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Interspecific Gene Differences and Evolutionary Time Estimated from Electrophoretic Data on Protein Identity
The American Naturalist
Vol. 105, No. 945 (Sep. - Oct., 1971), pp. 385-398
Stable URL: http://www.jstor.org/stable/2459508
Page Count: 14
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A statistical method is developed for estimating the number of gene differences and evolutionary time of a pair of species from electrophoretic data on protein identity. This method is applied to the Drosophila data available. It is shown that the evolutionary time for a pair of nonsibling species in Drosophila is on the average three times longer than that for a pair of sibling species. It is also shown, under certain assumptions, that pairs of recent sibling species differ in about one to two amino acids per protein, and it is estimated that 500,000 years were required to establish such a difference.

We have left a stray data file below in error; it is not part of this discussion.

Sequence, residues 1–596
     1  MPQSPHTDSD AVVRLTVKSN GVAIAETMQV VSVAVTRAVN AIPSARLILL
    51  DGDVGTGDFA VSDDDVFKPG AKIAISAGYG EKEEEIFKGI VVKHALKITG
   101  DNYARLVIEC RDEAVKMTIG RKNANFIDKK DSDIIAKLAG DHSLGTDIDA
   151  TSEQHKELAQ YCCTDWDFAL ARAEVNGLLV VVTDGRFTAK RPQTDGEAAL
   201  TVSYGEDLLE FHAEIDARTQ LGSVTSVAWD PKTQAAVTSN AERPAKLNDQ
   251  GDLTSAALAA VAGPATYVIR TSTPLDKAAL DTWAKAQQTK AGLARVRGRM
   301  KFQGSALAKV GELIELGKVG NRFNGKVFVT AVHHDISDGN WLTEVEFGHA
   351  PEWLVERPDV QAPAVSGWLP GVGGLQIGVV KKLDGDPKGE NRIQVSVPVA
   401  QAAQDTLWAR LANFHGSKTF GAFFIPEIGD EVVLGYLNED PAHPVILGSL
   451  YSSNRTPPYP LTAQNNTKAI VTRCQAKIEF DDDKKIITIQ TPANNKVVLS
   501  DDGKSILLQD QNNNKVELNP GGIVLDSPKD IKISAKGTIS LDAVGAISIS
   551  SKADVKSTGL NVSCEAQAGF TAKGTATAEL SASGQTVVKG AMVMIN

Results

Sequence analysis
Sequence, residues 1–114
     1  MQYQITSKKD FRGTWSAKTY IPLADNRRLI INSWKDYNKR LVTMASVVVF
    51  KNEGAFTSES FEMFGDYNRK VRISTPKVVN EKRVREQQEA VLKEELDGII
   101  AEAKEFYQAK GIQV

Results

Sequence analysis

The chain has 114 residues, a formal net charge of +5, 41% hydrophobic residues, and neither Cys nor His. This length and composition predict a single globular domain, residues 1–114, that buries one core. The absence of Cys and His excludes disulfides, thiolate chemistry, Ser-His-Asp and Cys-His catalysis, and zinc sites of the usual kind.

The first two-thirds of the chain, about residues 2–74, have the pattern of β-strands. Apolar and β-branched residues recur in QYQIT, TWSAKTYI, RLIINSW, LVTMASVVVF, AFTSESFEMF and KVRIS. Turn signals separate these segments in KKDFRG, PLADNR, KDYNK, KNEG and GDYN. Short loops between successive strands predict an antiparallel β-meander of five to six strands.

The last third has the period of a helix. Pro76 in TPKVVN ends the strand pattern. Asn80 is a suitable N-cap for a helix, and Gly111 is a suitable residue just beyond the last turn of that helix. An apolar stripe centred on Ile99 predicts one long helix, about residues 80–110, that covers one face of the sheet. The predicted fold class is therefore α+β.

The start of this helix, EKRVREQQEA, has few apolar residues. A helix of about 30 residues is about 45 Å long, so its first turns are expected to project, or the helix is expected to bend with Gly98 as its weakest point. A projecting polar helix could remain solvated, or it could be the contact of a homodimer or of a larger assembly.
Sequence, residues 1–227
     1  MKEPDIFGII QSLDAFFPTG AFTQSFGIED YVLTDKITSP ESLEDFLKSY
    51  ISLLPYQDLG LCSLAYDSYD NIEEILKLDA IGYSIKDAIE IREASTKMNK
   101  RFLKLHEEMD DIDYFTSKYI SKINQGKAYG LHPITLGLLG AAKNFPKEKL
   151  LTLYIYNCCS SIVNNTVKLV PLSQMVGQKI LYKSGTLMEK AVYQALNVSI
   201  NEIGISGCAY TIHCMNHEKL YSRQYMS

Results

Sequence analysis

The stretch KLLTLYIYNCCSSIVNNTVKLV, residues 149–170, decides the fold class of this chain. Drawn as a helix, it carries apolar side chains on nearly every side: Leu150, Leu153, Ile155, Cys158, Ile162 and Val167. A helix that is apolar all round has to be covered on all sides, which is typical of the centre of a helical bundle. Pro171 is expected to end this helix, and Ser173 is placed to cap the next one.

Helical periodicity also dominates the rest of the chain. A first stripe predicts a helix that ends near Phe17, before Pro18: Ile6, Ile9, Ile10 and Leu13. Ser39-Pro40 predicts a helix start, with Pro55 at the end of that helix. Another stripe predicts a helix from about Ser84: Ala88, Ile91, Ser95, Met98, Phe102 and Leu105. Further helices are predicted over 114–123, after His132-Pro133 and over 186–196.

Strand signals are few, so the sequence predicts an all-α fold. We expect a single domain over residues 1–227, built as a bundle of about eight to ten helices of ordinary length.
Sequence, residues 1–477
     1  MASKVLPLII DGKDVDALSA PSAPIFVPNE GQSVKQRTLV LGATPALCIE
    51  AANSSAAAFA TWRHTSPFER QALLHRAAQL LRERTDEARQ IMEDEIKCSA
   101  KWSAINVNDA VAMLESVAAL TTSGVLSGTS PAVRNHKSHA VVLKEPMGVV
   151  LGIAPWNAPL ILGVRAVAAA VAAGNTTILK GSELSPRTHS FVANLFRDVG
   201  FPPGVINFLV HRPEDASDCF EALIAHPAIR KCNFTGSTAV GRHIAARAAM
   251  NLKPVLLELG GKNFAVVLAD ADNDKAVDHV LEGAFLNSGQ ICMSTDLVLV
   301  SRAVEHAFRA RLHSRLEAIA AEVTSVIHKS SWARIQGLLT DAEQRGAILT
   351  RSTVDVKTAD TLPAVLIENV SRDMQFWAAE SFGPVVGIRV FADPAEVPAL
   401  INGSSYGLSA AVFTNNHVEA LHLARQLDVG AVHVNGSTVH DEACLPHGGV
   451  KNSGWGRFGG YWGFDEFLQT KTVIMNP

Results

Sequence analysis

The American Naturalist © 1971 The University of Chicago Press